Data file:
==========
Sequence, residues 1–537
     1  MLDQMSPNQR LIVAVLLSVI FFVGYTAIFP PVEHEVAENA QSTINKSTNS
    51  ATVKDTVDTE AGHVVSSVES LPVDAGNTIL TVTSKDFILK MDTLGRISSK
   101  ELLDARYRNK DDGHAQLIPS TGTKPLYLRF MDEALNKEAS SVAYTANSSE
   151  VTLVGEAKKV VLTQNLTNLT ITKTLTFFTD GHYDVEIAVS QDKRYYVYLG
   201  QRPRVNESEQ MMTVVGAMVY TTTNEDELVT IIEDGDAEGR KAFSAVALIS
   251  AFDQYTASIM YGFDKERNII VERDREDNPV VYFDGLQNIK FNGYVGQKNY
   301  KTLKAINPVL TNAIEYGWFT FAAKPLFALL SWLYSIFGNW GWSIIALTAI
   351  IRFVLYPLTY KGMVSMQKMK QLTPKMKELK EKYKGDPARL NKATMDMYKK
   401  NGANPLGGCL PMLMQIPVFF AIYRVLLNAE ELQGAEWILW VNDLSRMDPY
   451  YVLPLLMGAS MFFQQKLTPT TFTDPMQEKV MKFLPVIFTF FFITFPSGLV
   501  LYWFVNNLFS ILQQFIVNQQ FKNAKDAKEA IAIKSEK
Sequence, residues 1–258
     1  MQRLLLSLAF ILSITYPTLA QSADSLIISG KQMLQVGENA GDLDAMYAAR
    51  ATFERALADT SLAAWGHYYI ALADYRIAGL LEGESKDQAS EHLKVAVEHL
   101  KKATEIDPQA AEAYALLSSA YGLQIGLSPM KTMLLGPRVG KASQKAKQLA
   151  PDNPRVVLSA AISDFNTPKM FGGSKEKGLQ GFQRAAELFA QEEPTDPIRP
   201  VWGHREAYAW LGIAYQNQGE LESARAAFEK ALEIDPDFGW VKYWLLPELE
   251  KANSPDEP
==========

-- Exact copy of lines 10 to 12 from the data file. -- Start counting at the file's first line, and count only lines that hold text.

   401  NGANPLGGCL PMLMQIPVFF AIYRVLLNAE ELQGAEWILW VNDLSRMDPY
   451  YVLPLLMGAS MFFQQKLTPT TFTDPMQEKV MKFLPVIFTF FFITFPSGLV
   501  LYWFVNNLFS ILQQFIVNQQ FKNAKDAKEA IAIKSEK